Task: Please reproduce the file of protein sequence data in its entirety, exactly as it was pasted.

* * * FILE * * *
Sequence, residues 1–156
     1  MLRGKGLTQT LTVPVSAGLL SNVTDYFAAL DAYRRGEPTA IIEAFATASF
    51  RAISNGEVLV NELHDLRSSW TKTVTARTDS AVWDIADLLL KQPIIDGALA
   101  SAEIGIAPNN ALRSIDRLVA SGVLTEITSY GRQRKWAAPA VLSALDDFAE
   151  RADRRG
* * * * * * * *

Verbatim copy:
Sequence, residues 1–156
     1  MLRGKGLTQT LTVPVSAGLL SNVTDYFAAL DAYRRGEPTA IIEAFATASF
    51  RAISNGEVLV NELHDLRSSW TKTVTARTDS AVWDIADLLL KQPIIDGALA
   101  SAEIGIAPNN ALRSIDRLVA SGVLTEITSY GRQRKWAAPA VLSALDDFAE
   151  RADRRG